But a customer could still depend on the hyperlocal players for groceries and get it delivered in the early morning slot, so why would a customer choose Milkbasket over more familiar brands such as Grofers or BigBasket? “Grofers co-founder Albinder Dhindsa is one of our customers,” Goel retorts. “If you are just looking at groceries as a segment then everybody competes with each other, from mom-and-pop shops to Big Bazaar to BigBasket, after all there are 20,000 SKUs. But how we execute is very different from what BigBasket or Grofers does,” says Goel.
“Milkbasket is different from regular e-commerce companies in the sense that they are not mimicking a pre-existent behaviour online, but using technology to create an entirely new behaviour that was hitherto not possible. Hence, they create unseen amounts of stickiness,” says Arpit Agarwal, principal, Blume Ventures. He remembers how during the process of evaluation, some of their portfolio founders who were Gurgaon-based, couldn’t stop raving about Milkbasket. “We saw that the team was thinking through all the right decisions and building the right tools with a strong focus on economics,” Agarwal says. The start-up now logs a monthly turnover of 3 crore. Though its average ticket size is around 180, Milkbasket looks at the monthly household spend with it as a metric and it comes to around 3,700. According to the founders, 70% of its customers have come through word of mouth. The start-up does all of its order processing from midnight in their warehouse where their orders are packed and ready to go.
Starting with an initial investment of 50 lakh by the founders, the start-up raised about $500,000 from EVC Ventures and some Chinese investors in April 2016. When the start-up ran into some difficulty in raising additional funds, it was a shot in the arm when 45 of its customers pitched in as investors and pooled in a sum of 2 crore. In August 2017, EVC Ventures sold its stake to Blume Ventures who invested its first round with Lenovo Capital. In January 2018, Milkbasket raised a Pre-Series A round of $3 million from Unilever Ventures, Blume Ventures and Lenovo Capital. Milkbasket is only Unilever Ventures’ second investment in India after consumer analytics firm Peel-Works.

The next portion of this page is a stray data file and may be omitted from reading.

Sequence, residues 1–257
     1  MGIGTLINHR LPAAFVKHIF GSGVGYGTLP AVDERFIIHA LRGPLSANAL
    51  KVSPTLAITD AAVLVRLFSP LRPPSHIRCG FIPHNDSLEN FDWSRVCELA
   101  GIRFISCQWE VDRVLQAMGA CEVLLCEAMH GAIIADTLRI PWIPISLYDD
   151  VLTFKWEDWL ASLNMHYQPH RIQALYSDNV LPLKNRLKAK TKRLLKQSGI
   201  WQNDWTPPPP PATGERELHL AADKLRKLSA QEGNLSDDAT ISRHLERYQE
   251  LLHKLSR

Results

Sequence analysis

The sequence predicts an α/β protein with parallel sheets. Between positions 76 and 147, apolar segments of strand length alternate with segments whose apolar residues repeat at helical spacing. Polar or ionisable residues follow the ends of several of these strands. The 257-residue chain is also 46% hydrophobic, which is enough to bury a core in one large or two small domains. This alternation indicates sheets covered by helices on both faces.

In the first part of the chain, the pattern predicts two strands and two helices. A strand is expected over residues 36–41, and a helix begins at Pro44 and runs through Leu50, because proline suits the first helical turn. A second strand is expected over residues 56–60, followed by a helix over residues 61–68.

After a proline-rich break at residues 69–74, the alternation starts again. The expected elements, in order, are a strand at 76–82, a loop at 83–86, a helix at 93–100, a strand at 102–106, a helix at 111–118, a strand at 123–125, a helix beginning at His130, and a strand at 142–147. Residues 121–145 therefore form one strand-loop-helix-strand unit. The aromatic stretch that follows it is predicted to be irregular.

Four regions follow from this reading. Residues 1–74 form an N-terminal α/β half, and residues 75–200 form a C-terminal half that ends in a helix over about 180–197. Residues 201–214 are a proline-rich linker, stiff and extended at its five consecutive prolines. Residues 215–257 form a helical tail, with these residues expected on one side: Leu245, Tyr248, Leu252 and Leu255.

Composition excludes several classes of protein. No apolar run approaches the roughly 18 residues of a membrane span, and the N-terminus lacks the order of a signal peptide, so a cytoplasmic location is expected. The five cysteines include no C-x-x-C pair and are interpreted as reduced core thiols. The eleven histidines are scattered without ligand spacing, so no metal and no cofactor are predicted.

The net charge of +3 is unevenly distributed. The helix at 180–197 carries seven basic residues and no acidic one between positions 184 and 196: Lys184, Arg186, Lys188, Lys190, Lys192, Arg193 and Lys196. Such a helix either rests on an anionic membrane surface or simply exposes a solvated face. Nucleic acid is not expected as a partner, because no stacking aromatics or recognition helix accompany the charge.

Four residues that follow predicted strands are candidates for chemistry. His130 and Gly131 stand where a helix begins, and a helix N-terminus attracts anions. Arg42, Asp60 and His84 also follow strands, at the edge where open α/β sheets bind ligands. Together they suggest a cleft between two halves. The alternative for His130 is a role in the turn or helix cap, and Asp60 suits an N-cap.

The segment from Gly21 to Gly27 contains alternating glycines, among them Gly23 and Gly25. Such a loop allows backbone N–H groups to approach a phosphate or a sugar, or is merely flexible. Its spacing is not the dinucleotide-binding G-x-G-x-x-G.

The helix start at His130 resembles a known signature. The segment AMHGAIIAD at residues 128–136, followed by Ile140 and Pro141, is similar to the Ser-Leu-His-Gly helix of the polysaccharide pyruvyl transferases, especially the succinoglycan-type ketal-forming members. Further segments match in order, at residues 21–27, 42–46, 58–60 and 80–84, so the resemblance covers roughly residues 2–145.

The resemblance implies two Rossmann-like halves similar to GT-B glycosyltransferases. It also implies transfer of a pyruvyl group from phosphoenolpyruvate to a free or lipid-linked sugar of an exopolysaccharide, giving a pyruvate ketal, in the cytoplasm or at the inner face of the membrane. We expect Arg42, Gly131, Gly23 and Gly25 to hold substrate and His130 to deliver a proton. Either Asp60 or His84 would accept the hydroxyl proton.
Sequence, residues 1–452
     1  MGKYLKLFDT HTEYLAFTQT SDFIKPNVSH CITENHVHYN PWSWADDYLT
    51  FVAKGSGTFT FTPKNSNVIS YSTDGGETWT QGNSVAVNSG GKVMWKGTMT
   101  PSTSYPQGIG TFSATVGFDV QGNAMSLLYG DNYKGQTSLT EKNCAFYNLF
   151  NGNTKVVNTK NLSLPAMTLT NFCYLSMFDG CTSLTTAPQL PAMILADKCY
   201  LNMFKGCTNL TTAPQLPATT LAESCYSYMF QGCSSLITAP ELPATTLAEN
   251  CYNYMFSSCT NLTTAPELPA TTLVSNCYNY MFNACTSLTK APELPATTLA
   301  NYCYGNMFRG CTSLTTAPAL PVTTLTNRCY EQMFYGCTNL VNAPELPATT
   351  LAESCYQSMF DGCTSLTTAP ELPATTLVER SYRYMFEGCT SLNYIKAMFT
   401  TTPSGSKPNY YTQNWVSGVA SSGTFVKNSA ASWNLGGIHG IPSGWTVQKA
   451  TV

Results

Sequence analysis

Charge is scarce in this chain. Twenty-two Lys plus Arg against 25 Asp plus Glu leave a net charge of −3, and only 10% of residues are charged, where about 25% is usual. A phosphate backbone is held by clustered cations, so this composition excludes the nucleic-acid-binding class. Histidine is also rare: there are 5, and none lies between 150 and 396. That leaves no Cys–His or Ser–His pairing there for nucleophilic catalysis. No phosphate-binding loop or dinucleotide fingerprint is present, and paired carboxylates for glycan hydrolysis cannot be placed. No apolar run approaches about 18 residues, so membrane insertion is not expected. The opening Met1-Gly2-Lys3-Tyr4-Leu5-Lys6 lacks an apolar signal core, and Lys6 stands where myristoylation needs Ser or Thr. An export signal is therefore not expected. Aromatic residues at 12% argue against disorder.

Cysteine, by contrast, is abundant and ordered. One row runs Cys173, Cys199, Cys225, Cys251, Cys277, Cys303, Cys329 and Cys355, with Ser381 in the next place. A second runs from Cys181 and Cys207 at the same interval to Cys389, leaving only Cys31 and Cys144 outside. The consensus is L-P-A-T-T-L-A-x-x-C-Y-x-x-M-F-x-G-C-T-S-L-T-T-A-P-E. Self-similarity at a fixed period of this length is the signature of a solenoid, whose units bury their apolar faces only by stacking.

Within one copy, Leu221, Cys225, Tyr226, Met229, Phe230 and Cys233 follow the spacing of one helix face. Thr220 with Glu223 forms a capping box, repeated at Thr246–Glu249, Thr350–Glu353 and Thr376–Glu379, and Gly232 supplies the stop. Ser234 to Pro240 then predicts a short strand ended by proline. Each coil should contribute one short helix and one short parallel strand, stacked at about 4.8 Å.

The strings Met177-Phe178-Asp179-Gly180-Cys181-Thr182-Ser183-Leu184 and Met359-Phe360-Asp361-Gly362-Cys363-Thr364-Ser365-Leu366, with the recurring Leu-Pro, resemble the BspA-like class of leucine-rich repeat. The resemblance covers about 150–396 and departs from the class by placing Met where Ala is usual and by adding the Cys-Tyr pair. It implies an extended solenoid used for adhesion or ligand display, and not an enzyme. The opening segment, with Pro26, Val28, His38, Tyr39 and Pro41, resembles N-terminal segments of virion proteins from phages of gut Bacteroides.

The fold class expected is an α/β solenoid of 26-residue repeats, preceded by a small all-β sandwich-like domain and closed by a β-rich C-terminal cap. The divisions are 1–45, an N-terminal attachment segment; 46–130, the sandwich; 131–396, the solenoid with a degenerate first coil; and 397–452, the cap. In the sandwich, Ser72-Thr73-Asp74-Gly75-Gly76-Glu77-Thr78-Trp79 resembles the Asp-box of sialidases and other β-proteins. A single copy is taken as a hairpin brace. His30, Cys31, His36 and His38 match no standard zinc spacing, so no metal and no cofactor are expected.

The start-up is planning to hire around 2,000 people to serve upto 50,000 orders daily by next year. That’s a staggering number but that doesn’t bother Goel though. “We are in a physical business. I think it’s a misnomer when you see being capital-intensive as something detrimental to the business. I think what is more important is capital efficiency. My manpower cost is 2 per day per order delivery,” he says. The company is now looking at raising a Series-A round and plans to go into more cities such as Pune, Bengaluru and Hyderabad by 2019. Most of the hyperlocal online grocery start-ups such as Grofers and PepperTap have faltered while expanding their operations, as they struggled to replicate their success in multiple cities. What’s helped Milkbasket is that they have managed to keep delivery costs at a fraction of the industry average by catering to housing complexes that allows them to make 6,000 deliveries in two hours. As it expands into newer cities it will have to ensure that its manpower costs remain at the same level. And that’s going to be a challenge given their ambitious plan to increase their daily deliveries by almost nine-fold in a year’s time. The team is well-aware that they have a quite a task at hand. “We think about sustainability first and not about how many cities we are present in. I don’t want to be unsustainable and shut down later,” says Goel.
In the case of Milkbasket, Choudhari feels there could be some hurdles as they try to improve their unit economics. “The average order value (AOV) number is very crucial. For instance, if you have an AOV of 200 and your margin is around 10%, then you have only 20 to manage everything. That is the challenge in this model,” he points out. “Given the unit level economics and order size, I get the way [Milkbasket] is able to manage costs currently. They are targeting only large complexes and are able to drop orders in real quick time. This is fine as long as you are delivering milk and just one or two items. But with bigger order sizes, the challenge of delivering in real quick time without any pilferage or damage increases. The customer himself would want to receive it. Then your delivery time would get challenged,” he adds. BigBasket, which has a monthly revenue of 200 crore, currently works at an average order value of 1,500 and its cost per delivery stands at 5% of the order size.
According to Goel, Milkbasket is already starting to see bigger order sizes and delivering them via the drop-off model has not been a challenge so far. “As long as you can retain the trust of customers, it wouldn’t be a problem,” he says. It is still early days to say whether Milkbasket will beat the odds with their fixed-time no-contact delivery model. The road ahead is definitely a challenging one but Goel and team are determined to take it one step at a time.